I gave a befuddled look to the only other soul in the waiting room, a bundled-up elderly woman. She pointed. Ferfi it was.
„I headed through the arched doorway, only to find a hallway without a reception desk. I did, however, find two young men drinking beers, a somewhat notable activity considering it was not yet 7 a.m. They spoke English, and sought out an employee who helped me arrange a room; the cost per night was 3,500 forints, an absurdly low $14.75 at 236 forints to the dollar.
To my surprise, the men were visitors like me. »We’re from Budapest,« one said. »We’re here to go to a pig killing.«
I had been in town a half-hour, and already I was invited to a pig killing? I couldn’t believe my luck, and of course, I asked if I might tag along.
»The pig’s already dead,« one said, and I felt as if I was getting the brushoff. Sure enough, when I wheeled my luggage around the corner for the staff to store, they took off.
A bit depressed at the missed opportunity, I headed across the street to a small bakery, where I drowned my sorrows with a coffee and a kakaos csiga, a snail-shaped chocolate pastry that cost 140 forints. I then set off to wander. (And if I happened to run across a certain pig-killing, all the better.)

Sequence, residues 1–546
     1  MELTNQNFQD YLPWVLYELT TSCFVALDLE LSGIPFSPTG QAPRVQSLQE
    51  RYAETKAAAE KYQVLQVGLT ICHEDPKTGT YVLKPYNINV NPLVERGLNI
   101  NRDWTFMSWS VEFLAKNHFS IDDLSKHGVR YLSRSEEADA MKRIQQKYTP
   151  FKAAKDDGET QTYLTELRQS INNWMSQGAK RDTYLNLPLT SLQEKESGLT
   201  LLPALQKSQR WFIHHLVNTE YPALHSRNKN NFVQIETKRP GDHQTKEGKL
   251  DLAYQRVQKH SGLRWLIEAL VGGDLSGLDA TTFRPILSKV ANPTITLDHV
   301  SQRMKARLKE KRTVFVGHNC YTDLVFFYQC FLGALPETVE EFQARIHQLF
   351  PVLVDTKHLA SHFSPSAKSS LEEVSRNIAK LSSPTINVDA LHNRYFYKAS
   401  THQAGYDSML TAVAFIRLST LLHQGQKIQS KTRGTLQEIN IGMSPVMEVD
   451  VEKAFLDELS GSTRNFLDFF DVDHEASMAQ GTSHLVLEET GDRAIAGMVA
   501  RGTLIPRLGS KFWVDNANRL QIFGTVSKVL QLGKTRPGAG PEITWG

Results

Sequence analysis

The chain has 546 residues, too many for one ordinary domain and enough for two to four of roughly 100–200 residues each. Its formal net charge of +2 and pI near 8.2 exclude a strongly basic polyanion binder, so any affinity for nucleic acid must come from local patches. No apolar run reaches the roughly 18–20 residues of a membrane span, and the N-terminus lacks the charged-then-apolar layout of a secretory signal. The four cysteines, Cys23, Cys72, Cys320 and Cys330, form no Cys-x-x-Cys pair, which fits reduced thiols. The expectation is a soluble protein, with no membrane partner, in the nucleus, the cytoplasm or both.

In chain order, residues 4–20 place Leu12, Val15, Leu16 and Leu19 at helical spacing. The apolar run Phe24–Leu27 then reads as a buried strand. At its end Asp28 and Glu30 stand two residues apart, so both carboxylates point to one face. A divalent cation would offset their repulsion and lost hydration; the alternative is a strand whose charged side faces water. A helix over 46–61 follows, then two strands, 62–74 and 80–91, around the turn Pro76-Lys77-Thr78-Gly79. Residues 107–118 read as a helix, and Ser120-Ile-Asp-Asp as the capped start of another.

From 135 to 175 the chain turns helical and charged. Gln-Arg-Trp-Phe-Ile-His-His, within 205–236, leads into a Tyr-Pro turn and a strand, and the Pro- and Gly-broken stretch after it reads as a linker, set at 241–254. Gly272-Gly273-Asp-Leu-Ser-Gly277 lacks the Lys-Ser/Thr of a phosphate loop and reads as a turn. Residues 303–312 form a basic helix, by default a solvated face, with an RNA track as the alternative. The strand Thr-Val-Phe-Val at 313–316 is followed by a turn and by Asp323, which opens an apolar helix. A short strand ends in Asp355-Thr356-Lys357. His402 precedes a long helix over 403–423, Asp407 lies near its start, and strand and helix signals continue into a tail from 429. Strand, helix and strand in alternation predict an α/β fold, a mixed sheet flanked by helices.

The town turned out to be a subtle charmer. Tidy houses — some looking a century old or more — lined streets that were quiet but for the occasional fenced-in dog. A notable number of gray-haired locals were out on bicycles, which, even on a drizzly day, were more common than cars.
FOR SOME REASON, I felt euphoric. Perhaps it the utter randomness of where I was, or perhaps it was because I had literally no idea what I would find on the next block. The smallest discoveries in an unknown place can match the thrill of visiting well-known attractions — Versailles, the Grand Canyon — that you knew were coming and you’d read all about.
My first find was a small industrial building on an otherwise residential block, metal barrels lined up in front. I noted a word stenciled on a concrete wall outside: SZESZFOZDE. Tapping it into Google Translate, I got just about the best result I could imagine: Distillery.”